By Betty Medsger. Knopf, 2014. 608 pages. $29.95/hardcover. Purchase on Amazon.com.
Reviewed by Martin Kelley
Betty Medsger’s new book is the inside story of eight Philadelphia, Pa., antiwar activists who broke into a sleepy FBI office in Media, Pa., in 1971, and stole documents that exposed massive FBI surveillance of antiwar protesters, African American student organizations, and liberal members of Congress. Never caught, five of the participants have finally come forward to tell Medsger their story in The Burglary. She deftly weaves the activists’ firsthand stories with details pulled from the declassified FBI investigation of the burglary.
As a Washington Post reporter in 1971, Medsger was one of the first journalists to write about stolen files, and she has a great eye for the seemingly random serendipities of that tumultuous era.
The most adrenaline‐raising part of the book is of course the robbery itself—the planning, execution, and narrow escapes as 200 investigating FBI agents camped out in radical Philadelphia neighborhoods in the months following the break‐in. The details grip one like a classic 1970s heist movie. The choice to time the burglary during the prize fight of the century was brilliant, both logistically and symbolically (it was Muhammad Ali’s first fight after refusing to fight in the Vietnam War and being stripped of his title). J. Edgar Hoover, the FBI’s paranoid and blackmailing director for over three decades, makes frequent appearances, more concerned about the exposure of bureau secrets than national security.
But while there’s excitement and drama to it all, 40 years later it feels almost nostalgic and quaint. This is a period piece, like some antiwar hippie Mad Men. It startles the modern reader to realize that there was a time not so very long ago when a group of amateurs could break into an office and not get caught.
That the burglars weren’t caught is one of their most remarkable accomplishments. They certainly made repeated mistakes. One burglar walked into the FBI office a month before to case it out, giving agents her real name and the flimsiest of excuses. Bill Davidon, one of the burglars, rented a nearby hotel room and car for the burglary, charging both on a personal credit card. When a press release about the burglary didn’t get published, he made front‐page headlines by reading it himself to a packed public audience. Two other participants of the burglary team were arrested (and later acquitted) a few months later in the even‐riskier “Camden 28” action.
Today, any would‐be burglary team would be filmed by dozens of street cameras as they drove through Media. Investigating agents would subpoena emails, triangulate cell phones locations, and cross‐reference bank records. However, today’s target wouldn’t be filing cabinets in a branch office: it’d be secure computer networks. A journalist’s story would feature long technical passages on encryption and ways to avoid electronic surveillance.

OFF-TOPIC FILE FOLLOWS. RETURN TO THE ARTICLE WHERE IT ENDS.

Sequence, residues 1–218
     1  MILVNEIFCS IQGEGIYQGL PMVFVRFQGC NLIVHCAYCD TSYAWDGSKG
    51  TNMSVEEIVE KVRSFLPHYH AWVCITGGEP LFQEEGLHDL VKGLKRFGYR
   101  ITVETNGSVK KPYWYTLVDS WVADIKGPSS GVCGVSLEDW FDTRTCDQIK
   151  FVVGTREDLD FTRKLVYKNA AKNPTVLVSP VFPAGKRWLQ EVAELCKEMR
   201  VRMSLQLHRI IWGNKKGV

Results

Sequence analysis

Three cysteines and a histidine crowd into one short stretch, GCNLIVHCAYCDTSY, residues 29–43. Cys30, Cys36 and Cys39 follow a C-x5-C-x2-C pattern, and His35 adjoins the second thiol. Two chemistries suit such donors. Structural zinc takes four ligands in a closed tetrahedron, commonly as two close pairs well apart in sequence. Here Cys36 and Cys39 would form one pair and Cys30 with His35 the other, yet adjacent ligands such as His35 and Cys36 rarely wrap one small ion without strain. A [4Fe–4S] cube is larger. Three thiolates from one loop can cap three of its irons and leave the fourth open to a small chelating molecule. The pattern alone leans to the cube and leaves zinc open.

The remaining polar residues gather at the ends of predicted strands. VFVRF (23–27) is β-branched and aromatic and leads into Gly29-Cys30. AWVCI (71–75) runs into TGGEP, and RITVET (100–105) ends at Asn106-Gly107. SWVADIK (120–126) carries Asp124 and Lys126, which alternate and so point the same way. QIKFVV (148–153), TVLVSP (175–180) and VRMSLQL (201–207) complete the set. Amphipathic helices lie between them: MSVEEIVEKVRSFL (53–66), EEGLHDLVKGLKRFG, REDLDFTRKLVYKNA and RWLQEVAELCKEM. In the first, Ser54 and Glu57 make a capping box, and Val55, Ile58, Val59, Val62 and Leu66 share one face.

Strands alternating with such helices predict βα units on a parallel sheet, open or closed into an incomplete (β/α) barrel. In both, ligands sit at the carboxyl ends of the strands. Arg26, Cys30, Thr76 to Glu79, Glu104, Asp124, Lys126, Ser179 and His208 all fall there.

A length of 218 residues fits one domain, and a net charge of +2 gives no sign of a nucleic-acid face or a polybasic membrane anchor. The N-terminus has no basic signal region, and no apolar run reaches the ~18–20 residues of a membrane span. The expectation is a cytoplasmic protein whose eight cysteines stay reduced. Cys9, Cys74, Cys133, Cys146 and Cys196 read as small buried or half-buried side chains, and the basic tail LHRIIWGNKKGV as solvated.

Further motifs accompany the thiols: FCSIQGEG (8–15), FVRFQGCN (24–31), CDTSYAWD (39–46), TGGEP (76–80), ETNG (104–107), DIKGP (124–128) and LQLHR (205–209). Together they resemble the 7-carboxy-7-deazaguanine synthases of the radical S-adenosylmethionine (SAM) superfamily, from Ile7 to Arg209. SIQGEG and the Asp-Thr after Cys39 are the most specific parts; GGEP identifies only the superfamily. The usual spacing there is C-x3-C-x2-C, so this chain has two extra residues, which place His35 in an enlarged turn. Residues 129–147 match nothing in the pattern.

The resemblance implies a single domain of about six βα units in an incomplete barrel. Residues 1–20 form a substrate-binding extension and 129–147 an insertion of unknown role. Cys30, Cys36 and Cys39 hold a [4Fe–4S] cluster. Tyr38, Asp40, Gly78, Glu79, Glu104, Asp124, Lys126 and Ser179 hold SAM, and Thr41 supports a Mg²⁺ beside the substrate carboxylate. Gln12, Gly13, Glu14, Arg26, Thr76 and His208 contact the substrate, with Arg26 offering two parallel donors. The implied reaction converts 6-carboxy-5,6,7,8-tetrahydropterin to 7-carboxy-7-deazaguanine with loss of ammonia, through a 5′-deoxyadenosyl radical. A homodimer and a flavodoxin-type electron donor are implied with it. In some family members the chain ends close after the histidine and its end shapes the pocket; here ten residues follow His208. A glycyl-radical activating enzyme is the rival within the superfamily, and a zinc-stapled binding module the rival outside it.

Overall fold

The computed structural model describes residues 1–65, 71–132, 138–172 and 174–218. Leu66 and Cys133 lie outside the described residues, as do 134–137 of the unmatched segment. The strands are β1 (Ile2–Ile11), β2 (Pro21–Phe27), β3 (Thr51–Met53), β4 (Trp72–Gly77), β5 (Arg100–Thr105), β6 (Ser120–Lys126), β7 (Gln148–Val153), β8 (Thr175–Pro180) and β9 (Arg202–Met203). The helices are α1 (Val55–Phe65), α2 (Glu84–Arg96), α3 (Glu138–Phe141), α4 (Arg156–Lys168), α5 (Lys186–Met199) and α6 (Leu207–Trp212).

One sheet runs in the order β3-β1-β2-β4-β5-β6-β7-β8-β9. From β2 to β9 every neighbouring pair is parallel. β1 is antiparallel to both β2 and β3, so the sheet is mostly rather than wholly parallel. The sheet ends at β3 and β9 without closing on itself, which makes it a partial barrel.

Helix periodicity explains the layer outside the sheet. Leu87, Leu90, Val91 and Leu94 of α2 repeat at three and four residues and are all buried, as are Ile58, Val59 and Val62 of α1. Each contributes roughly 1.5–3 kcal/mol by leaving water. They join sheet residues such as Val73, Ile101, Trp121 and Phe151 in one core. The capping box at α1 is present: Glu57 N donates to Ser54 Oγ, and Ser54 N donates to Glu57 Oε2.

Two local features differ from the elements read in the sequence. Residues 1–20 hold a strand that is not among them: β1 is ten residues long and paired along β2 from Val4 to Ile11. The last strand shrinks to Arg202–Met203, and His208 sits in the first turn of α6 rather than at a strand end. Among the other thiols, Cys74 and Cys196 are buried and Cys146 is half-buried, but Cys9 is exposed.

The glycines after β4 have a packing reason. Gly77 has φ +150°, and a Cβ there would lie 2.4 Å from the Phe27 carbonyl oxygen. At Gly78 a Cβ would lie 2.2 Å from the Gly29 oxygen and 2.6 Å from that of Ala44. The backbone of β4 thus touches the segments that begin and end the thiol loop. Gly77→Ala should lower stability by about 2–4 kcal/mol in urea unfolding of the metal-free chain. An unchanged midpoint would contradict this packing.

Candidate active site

The parallels to modern‐day whistle‐blower Edward Snowden are obvious. But just as telling are the differences. The closest thing to religion he has is a hacker’s social libertarianism and its twin demands for government transparency and individual privacy. The community in which he refined and forged his ideals was found in online chat forums.
In Medsger’s book, religious identities serve as shorthand for particular styles of political activism. The “Quaker” style was largely symbolic and public. A newer generation of “Catholic Left” actions was more pranksterish, eschewing Quakerly staidness in favor of covert actions to monkey‐wrench the system. In 1971, Catholic Left activists were known for breaking into draft board offices, a template the Media activists adapted.
But for all of the religious identifications, there are no processes of spiritual discernment documented in these accounts: no clearness committees or priestly confessions, no visits to churches or meetinghouses. No one recalls stopping to pray before joining the break‐in team. The ecumenism of this activist generation resisted formal boundaries and reserved the right to hold multiple identities.
Medsger’s book is a wonderful time capsule to another era. Friends who lived through the events will find it rousing. The bravery of the activists is inspiring. The long‐deferred limelight for those still living is well‐deserved.
I think the book will serve another purpose for younger Friends trying to reconcile our Society’s activist legacy. In 2014, federal employees in suburban Philadelphia offices pilot drone aircraft over Afghanistan while protesters make YouTube videos to share on Facebook. How do we bring some of the 1970s spirit of determination and prankishness to these new protest forms? How do we answer the questions The Burglary raises about the relationship of faith and activism, membership and lived community?